Save for Ouran’s OP/ED combo and maybe Red Garden’s ridiculous ED, I think all of the anime highlighted in the previous page have decent songs worth catching, so rather than go through all that, it’s worth exploring some of the other prominent themes that have started or ended 2006’s anime.
So with that, we start with Ergo Proxy’s “kiri,” which offers a really mellow sound and dishes enough variety to keep this interesting. Somehow, when I listen to this, I get a feeling as though the singer was trying to be transcendent at times while still keeping the mysteries close to its chest. I’m not sure how many people have listened to this; it never seems to pop up on any OP/ED lists, at least, none that I’ve read. Maybe the tone might not catch people’s fancy? I enjoy it though even if I wasn’t too fond of the anime.
Next up is a Shaft/Shinbo work in the form of Negima?!. I never looked into this one due to time reasons and a reduction in my enthusiasm for Akamatsu’s works. Maybe it’s the effect of growing up or something. Still, “1000%SPARKING” still managed to get on my radar since the song has been reused for a variety of purposes such as replacing the girls in the OP with the Touhou girls. The music is also nice and energetic and that it’s a seiyuu collaboration helps me enjoy it despite the lack of singing ability here and there. I guess what I’m trying to say is that it’s a fun song to listen to on occasion even if it won’t necessarily creep into the anime playlist I listen to most often.
Utawarerumono’s “Musouka” served as my first introduction to Suara’s singing, and this was enjoyable from the start. Looking back at her works that I’ve listened to since, she doesn’t show much of a knack for diversifying beyond the soothing, wonderful-type of vocals all too much, but this one will stay with me, what with its upbeat, energetic melodies that suggest a tale epic in scope. That’s close to what Utawarerumono was all about, which isn’t too hard to believe since it did start out as a SRPG. Speaking of that genre, I should also mention the animation in the intro, which really reminds me of Suikoden III’s introduction except with better music.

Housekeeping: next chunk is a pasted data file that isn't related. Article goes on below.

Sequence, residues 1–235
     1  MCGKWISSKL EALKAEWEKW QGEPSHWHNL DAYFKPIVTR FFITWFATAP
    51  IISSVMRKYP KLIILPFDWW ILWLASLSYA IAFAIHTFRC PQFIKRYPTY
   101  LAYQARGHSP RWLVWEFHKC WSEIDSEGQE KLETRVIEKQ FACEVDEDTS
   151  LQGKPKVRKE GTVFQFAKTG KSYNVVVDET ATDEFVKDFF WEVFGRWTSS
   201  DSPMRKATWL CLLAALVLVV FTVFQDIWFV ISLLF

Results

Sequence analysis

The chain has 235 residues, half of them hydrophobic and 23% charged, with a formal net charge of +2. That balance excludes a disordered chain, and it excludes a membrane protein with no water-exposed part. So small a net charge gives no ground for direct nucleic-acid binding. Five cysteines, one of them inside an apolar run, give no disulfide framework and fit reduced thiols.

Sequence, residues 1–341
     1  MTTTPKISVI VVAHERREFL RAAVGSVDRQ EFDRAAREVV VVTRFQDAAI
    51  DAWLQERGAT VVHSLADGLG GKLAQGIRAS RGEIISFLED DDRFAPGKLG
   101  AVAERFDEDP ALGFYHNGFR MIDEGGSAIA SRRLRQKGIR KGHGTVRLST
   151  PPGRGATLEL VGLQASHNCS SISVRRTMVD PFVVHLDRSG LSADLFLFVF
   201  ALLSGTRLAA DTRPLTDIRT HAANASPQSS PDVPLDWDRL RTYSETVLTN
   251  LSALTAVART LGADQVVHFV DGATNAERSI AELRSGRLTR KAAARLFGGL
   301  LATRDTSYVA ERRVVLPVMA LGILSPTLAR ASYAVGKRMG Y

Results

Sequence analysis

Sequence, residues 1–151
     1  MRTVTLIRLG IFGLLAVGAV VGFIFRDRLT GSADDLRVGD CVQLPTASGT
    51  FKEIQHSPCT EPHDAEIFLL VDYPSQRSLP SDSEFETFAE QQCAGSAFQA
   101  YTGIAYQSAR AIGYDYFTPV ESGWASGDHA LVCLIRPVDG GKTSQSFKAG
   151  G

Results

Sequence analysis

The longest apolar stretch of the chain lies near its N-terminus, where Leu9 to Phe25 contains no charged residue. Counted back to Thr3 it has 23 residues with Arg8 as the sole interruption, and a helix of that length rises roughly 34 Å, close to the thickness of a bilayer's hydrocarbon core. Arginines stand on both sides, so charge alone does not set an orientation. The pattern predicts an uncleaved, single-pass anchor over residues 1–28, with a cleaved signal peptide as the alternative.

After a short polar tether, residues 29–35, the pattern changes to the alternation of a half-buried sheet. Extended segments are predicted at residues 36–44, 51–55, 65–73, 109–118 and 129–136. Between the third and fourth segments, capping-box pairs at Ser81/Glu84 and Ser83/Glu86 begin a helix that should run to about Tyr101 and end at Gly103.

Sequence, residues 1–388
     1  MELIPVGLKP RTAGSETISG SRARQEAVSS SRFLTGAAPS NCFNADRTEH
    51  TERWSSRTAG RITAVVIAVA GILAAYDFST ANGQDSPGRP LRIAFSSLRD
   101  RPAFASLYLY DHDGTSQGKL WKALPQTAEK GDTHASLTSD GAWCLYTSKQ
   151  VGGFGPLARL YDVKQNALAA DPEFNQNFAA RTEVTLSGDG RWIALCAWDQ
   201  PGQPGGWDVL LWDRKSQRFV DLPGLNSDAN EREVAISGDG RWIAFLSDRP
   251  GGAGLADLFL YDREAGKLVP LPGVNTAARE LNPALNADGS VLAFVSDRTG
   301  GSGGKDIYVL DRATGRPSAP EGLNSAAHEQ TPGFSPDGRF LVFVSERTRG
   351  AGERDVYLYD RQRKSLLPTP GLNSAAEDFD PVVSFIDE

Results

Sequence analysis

Welcome to the NHK’s ED has also been covered elsewhere and if you’re looking for a good dose of madness, look no further than that. The cacophony works towards driving the listener towards insanity, but when all’s said and done, I’ll take the pleasant OP in “Puzzle” for my normal listening pleasure. Remember when I said there’s never a bad reason to listen to Round Table feat. Nino? Well, this song proves that to be true once more. I’ll spare you from having to listen to the Yui Makino ED though since that one’s pleasant, but not as memorable.
Last, but not least, Kashimashi doesn’t seem to get enough recognition, at least, not much that I can see, though to be fair, it’s not particularly brilliant in terms of the yuri stories that have come up over the years. Musically, the OP isn’t much to write home about, though it’s just my eufonius bias speaking. The ED, in my opinion is where it’s at! “Michishirube” by Yuumao is really a joy to listen to if you’re find of those slow, yet lovely balladic airs and… well, I’ve written about it in a different post so many many months ago.